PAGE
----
So, again, I just throw that out to say to that the American people, who are really a very fair people, when they think about 109 justices, they think, "My goodness, we should have more than just two women or two African-Americans," and we've never had a Hispanic or Latino judge.
HUME: Let's suggest for a moment -- you don't want to talk about names, so let's not. But let's assume, for the sake of discussion, that the president nominates, as I think he can probably be expected to, someone who is a strong judicial conservative, someone whose views on the role of the supreme court and the law are clearly at variance with the liberal members of this court, no doubt about it.
Would that constitute extraordinary circumstances of the kind where you could support a filibuster?
LANDRIEU: Well, let me say that the group of 14 probably, and I most certainly, expect the president to nominate someone that has more conservative views. I mean, he is in some areas more conservative. We don't think that is necessarily extraordinary.
But if you want to write the law, you should run for the Senate or run for your local legislature or become a governor that, you know, promotes laws in the states. But if you want to interpret the law and interpret the Constitution, then that is the kind of person we're looking for for the court.
And let me say again, I think people have just an innate sense of fairness. They look to the Supreme Court as the final place where justice can be given. And when it's not, it's very disappointing and very disconcerting to this democracy.
So we want a person that people have confidence in -- conservatives, moderates and liberals -- that can make good decisions and not try to write the law, but try to interpret the law and the Constitution in some sort of not so aggressive a fashion.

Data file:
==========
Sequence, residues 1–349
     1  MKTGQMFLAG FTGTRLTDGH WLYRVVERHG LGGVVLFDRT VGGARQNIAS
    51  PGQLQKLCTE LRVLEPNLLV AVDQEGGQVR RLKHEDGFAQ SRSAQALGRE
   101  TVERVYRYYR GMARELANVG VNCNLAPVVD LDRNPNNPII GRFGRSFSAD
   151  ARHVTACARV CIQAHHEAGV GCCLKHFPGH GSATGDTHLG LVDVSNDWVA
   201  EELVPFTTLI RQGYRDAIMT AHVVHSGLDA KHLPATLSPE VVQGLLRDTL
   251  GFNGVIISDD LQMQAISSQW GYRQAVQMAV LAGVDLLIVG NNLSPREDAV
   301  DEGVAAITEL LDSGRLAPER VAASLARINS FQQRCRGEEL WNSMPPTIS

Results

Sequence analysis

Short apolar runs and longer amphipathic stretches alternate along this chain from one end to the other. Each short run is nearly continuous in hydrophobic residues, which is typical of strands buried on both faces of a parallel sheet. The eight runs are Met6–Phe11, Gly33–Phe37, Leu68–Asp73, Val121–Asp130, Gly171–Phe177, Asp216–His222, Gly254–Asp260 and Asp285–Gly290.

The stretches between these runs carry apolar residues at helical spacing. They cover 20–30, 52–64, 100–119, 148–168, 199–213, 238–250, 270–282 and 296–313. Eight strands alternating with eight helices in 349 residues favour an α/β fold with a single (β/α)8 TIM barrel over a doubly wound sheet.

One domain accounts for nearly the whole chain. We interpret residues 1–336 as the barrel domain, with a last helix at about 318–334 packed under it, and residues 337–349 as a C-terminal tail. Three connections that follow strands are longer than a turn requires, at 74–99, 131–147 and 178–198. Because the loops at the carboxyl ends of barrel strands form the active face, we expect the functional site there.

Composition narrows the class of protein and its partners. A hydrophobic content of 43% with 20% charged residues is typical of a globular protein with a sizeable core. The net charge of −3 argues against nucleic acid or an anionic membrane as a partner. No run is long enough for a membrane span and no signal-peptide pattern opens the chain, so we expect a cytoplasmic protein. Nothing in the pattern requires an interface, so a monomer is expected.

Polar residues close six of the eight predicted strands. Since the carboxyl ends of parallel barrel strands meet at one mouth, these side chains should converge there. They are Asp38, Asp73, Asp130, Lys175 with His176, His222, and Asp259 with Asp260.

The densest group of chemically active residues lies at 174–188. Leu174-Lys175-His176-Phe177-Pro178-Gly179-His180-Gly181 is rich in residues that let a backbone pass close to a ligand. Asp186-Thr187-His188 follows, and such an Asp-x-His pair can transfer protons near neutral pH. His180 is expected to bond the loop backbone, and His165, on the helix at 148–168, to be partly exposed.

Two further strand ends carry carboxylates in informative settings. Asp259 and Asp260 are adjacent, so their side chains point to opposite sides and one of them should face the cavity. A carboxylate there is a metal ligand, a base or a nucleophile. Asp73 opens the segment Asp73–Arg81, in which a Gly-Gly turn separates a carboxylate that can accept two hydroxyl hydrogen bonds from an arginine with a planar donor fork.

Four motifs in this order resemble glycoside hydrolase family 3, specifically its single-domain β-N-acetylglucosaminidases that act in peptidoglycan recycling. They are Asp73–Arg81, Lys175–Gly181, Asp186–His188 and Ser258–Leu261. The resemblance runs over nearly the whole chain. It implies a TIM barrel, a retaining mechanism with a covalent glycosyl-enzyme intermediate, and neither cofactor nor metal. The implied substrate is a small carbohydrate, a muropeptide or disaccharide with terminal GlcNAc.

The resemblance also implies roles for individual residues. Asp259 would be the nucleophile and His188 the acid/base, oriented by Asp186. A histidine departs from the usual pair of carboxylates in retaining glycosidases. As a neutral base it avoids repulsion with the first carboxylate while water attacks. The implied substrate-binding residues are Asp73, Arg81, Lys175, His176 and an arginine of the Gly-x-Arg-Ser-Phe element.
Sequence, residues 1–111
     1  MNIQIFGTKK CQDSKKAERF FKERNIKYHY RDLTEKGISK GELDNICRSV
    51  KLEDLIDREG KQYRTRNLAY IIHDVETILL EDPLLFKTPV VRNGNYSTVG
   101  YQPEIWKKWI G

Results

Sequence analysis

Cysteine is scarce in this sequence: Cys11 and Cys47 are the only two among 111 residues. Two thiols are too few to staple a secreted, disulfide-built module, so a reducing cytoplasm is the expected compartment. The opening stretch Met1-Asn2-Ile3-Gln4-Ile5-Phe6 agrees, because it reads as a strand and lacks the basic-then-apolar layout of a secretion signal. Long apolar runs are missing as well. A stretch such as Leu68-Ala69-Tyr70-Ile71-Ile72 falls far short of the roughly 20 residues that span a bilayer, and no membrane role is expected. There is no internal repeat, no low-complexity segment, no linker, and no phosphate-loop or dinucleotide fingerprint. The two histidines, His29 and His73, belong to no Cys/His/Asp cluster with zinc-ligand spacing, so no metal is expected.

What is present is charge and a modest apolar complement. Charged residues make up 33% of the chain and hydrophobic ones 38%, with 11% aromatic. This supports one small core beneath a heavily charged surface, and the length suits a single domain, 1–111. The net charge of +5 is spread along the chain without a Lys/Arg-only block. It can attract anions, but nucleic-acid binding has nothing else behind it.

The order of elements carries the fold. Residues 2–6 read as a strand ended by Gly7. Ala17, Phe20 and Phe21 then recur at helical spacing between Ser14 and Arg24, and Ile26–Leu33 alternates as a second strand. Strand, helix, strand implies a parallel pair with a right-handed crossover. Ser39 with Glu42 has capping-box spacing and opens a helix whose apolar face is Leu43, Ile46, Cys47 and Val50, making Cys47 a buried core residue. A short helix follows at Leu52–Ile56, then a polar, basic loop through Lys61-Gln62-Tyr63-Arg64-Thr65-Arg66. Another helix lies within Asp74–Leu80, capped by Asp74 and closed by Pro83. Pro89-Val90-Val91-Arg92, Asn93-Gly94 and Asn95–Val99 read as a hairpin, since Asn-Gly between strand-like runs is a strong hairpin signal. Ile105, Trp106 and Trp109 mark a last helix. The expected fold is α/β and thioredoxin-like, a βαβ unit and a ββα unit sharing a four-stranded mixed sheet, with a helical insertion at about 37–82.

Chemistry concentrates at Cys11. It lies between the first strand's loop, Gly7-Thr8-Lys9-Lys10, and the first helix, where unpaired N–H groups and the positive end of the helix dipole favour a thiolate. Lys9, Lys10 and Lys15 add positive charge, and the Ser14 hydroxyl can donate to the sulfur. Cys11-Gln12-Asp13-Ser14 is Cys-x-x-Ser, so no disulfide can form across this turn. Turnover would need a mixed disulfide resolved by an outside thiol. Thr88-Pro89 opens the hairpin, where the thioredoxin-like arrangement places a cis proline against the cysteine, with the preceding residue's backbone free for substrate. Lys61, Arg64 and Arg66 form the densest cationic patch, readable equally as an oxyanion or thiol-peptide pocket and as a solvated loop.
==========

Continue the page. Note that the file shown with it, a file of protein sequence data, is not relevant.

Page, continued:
HUME: If a nominee to the court, by his or her answers to questions, convinced you that, given the chance, this nominee would vote to either restrict or reverse Roe v. Wade, would that constitute a basis for a filibuster in your eyes?
LANDRIEU: Let me answer the question this way: Most Americans, including myself, would like to see abortions reduced in this country. And most Americans, including myself, understand there needs to be restrictions on a practice that many people find immoral.
But having said that, Brit, I don't think the American people want to criminalize abortion. I don't think they want to put women in jail. I don't think they want to, you know, levy serious fines. And I don't think they want to get that involved with people's personal lives.
So we're looking for a balance in that area, where people can make choices early in pregnancies, have some limitations, some restrictions. And I think that this court has a great responsibility to help this nation come to a settlement, if you will, on that issue.
HUME: Well, if Roe v. Wade were reversed, of course, that wouldn't make abortion a crime anywhere. That would leave it up to the political process to decide on a state-by-state basis. Are you averse to that?
LANDRIEU: That is correct; you are correct in your analysis. But what the Supreme Court decision does say right now is to lay out some parameters in which the states can operate.
But, you know, there are some people in this country that want to criminalize abortion in every and all circumstance, and there is a loud and vocal minority. But the majority of people want restrictions.
So I think that that's a legitimate question to nominees, but it's not the only thing that's going to, you know, decide -- the only issue that's going to make us decide on the appropriateness of a nominee.
HUME: So you wouldn't filibuster over what you thought would be likely restrictions, but you filibuster over someone you thought was going to reverse?
LANDRIEU: Well, first of all, I'm part of the "Gang of 14" to not filibuster at all...
HUME: I understand.
LANDRIEU: ... because we want to have a judge that can get a great majority of the Senate. And we think that we can do that by urging the president to unite, not to divide, the country.
So I'm not going to say what I would filibuster on or not. I'm part of the group that doesn't want to filibuster, that wants to encourage a nominee that can get broad consensus, like the seven of the nine that are currently serving. I hope we can.
HUME: Senator Landrieu, it's a pleasure to have you. Thanks for coming.
LANDRIEU: Thank you, Brit. Thank you.